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1) Mando and Sona (1953); 2) Zatsepin and Mikhalichi (1965); 3) Nishimura (1964); 4) Bollinger (1951); 5) Hayman et al. (1962, 1963); 6) Miyake et al. (1964). For full references see end of section.

1) Mando and Sona (1953); 2) Zatsepin and Mikhalichi (1965); 3) Nishimura (1964); 4) Bollinger (1951); 5) Hayman et al. (1962, 1963); 6) Miyake et al. (1964). For full references see end of section.

4.2.5 Average Depth-Intensity Relation of Muons

By expressing the high energy portion of the integral energy spectrum of muons at sea level as

Figure 4.8: Fluctuation correction factor in sea water for different exponents 7 of the integral energy spectrum of muons at sea level (Inazawa and Kobayakawa, 1985).

Figure 4.8: Fluctuation correction factor in sea water for different exponents 7 of the integral energy spectrum of muons at sea level (Inazawa and Kobayakawa, 1985).

where A is a constant and 7 the spectral exponent, and using the range-energy relation, eq. 4.12, the vertical intensity I(X) at depth X can be written as

Here a and b are the energy loss parameters defined earlier. For ebX » 1, and using

the following depth-intensity relation is obtained:

If the intensity is measured in an inclined direction under a zenith angle 9 > 0° and a flat surface topography at a vertical depth X, the depth-intensity relation must be modified by the factor sec(0) because of the muon enhancement in the atmosphere, outlined in Section 3.6. Moreover, another factor of sec(0) must be introduced in the exponent because of the slant depth, X3, which is larger than X for an inclined trajectory underground. Thus

For small depths in the vertical direction, a series expansion of the previous equation (eq. 4.19) yields

where A' is a constant. This equation shows that the shape of the muon spectrum is reproduced. For large depths one gets

Thus the intensity decreases exponentially with depth. The principal energy loss process at small depths (and low energies) is ionization, represented by the factor a, whereas at large depths (and high energies) the electromagnetic processes, accounted for by b, are more important. Energy losses due to ionization exhibit only small fluctuations because the loss is due to many single processes. In contrast, as pointed out above, the bremsstrahlung mechanism which is dominating at high energies, is a single process in which a large fraction of the energy can get lost. Consequently large fluctuations are produced in the depth-intensity relation at larger depths.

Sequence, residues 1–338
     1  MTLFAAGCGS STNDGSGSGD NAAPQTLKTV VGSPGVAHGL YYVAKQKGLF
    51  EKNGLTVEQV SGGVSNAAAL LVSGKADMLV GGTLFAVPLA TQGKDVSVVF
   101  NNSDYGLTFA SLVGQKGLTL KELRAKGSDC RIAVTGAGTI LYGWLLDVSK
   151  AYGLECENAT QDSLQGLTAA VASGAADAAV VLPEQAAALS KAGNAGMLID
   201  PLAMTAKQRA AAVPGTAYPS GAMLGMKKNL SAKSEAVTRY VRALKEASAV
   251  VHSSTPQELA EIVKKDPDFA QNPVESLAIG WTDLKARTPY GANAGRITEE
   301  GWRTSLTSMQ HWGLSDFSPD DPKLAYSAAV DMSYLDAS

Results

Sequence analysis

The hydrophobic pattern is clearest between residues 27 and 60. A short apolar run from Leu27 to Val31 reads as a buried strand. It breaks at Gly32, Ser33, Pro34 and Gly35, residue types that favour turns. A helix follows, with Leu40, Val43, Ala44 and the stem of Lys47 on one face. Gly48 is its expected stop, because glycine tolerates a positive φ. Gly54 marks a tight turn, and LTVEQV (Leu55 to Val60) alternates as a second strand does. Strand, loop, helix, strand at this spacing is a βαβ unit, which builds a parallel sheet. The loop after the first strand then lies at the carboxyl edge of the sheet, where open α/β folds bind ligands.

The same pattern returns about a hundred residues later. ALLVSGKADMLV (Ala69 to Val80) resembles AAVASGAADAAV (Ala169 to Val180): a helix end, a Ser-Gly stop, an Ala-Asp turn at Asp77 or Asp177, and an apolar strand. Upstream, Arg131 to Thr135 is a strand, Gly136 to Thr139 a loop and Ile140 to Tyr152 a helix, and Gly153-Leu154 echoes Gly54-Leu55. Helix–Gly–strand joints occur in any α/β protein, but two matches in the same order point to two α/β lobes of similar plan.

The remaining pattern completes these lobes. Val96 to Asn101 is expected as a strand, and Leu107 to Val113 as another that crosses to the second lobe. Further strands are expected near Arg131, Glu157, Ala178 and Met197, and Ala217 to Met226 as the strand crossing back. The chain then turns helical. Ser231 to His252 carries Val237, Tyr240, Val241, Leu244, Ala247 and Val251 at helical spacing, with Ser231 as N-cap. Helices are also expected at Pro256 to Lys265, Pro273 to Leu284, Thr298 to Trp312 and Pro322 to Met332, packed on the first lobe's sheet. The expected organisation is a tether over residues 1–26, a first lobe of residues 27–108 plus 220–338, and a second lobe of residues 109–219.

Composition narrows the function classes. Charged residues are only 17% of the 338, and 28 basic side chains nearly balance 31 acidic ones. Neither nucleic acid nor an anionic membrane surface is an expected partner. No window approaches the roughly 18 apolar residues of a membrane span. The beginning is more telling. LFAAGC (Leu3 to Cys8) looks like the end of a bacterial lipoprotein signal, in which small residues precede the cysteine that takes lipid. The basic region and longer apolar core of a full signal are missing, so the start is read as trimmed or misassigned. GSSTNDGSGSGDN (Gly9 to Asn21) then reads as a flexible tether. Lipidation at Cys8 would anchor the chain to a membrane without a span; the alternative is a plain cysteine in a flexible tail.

The consequence resulting from the difference between the screening functions of Petrukhin and Shestakov (1968) and Rozental (1968) for the theoretical depth-intensity relation, as pointed out before, are shown in Fig. 4.9 (Lipari and Stanev, 1993).

Experimental data of muons underground and underwater are presented in Sections 4.3 and 4.4.

4.2.6 Indirect Determination of the Energy Spectrum Underground and Average Energy

The vertical muon intensity at depth X, I(X, 0°), is related to the muon differential energy spectrum at the surface,

Figure 4.9: Depth-intensity relation calculated with the Petrukhin and Shes-takov (1968) (curve 1, solid) and the Rozental (1968) (curve 2, dashed) screening functions in standard rock using an atmospheric differential muon energy spectrum of the form E~3,7 (after Lipari and Stanev, 1993).

Figure 4.9: Depth-intensity relation calculated with the Petrukhin and Shes-takov (1968) (curve 1, solid) and the Rozental (1968) (curve 2, dashed) screening functions in standard rock using an atmospheric differential muon energy spectrum of the form E~3,7 (after Lipari and Stanev, 1993).

by the relation

JEth where 7 is the spectral index of the integral muon energy spectrum at the surface, P(E,X) the survival probability that a muon of energy E reaches depth X, and Eth is the energy threshold corresponding to P(Eth,X) = 0. The energy spectrum is then calculated with the help of a minimizing procedure.

If we are neglecting fluctuations that are embedded in the survival probability, P(E,X), we can easily derive the vertical energy spectrum at depth X using eqs. 4.1 and 4.19, which yields j(E,X) = Be■ (E + - e-6X))_(7+1) . (4.25)

In this equation the first exponent describes the attenuation of the high energy muon flux, whereas the expression in parenthesis determines the shape of the local energy spectrum underground.

The average energy of the muons at depth X is given by the relation

Some important facts that result from the mathematical treatment above should be remembered (Castagnoli et al., 1995):

1. The energy spectrum underground is flat at energies E « Eave.

2. The slope of the spectrum at the surface is reproduced for E » Eave.

3. At shallow depths where bX « 1 the average muon energy is nearly proportional to X.

4. At great depths where bX > 1 (X > 2 • 103 hgcm-2) the spectral slope varies slowly with depth.

5. The average energy approaches the asymptotic limit a/[b(7 — 1)].

Rhode (1993) computed the muon energy spectra for different levels underground using the energy loss dependencies shown earlier in Fig. 4.3. The results of his calculations are illustrated in Fig. 4.10.

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